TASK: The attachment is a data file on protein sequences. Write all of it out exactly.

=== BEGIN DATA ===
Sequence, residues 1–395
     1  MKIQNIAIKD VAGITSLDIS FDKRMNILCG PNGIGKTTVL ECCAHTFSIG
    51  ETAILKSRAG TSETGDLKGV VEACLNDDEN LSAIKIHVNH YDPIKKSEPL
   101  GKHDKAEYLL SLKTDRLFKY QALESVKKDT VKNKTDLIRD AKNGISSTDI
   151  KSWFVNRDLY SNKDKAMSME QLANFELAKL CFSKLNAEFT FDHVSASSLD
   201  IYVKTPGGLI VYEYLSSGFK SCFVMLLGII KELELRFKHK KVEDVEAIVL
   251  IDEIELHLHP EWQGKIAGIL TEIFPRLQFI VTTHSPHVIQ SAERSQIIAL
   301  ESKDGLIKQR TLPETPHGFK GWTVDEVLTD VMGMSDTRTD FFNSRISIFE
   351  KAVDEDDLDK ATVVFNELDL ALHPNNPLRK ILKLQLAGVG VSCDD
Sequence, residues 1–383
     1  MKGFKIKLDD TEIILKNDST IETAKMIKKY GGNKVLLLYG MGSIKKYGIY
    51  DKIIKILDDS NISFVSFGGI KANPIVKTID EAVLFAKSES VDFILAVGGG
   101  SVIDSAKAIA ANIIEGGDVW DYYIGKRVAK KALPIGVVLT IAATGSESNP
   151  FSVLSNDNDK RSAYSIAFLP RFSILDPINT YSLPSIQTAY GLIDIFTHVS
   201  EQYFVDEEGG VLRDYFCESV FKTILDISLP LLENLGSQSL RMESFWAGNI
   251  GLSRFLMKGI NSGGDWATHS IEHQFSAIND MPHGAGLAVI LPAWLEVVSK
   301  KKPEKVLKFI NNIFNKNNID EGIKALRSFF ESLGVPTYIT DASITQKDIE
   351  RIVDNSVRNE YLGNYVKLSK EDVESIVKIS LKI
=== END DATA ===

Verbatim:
Sequence, residues 1–395
     1  MKIQNIAIKD VAGITSLDIS FDKRMNILCG PNGIGKTTVL ECCAHTFSIG
    51  ETAILKSRAG TSETGDLKGV VEACLNDDEN LSAIKIHVNH YDPIKKSEPL
   101  GKHDKAEYLL SLKTDRLFKY QALESVKKDT VKNKTDLIRD AKNGISSTDI
   151  KSWFVNRDLY SNKDKAMSME QLANFELAKL CFSKLNAEFT FDHVSASSLD
   201  IYVKTPGGLI VYEYLSSGFK SCFVMLLGII KELELRFKHK KVEDVEAIVL
   251  IDEIELHLHP EWQGKIAGIL TEIFPRLQFI VTTHSPHVIQ SAERSQIIAL
   301  ESKDGLIKQR TLPETPHGFK GWTVDEVLTD VMGMSDTRTD FFNSRISIFE
   351  KAVDEDDLDK ATVVFNELDL ALHPNNPLRK ILKLQLAGVG VSCDD
Sequence, residues 1–383
     1  MKGFKIKLDD TEIILKNDST IETAKMIKKY GGNKVLLLYG MGSIKKYGIY
    51  DKIIKILDDS NISFVSFGGI KANPIVKTID EAVLFAKSES VDFILAVGGG
   101  SVIDSAKAIA ANIIEGGDVW DYYIGKRVAK KALPIGVVLT IAATGSESNP
   151  FSVLSNDNDK RSAYSIAFLP RFSILDPINT YSLPSIQTAY GLIDIFTHVS
   201  EQYFVDEEGG VLRDYFCESV FKTILDISLP LLENLGSQSL RMESFWAGNI
   251  GLSRFLMKGI NSGGDWATHS IEHQFSAIND MPHGAGLAVI LPAWLEVVSK
   301  KKPEKVLKFI NNIFNKNNID EGIKALRSFF ESLGVPTYIT DASITQKDIE
   351  RIVDNSVRNE YLGNYVKLSK EDVESIVKIS LKI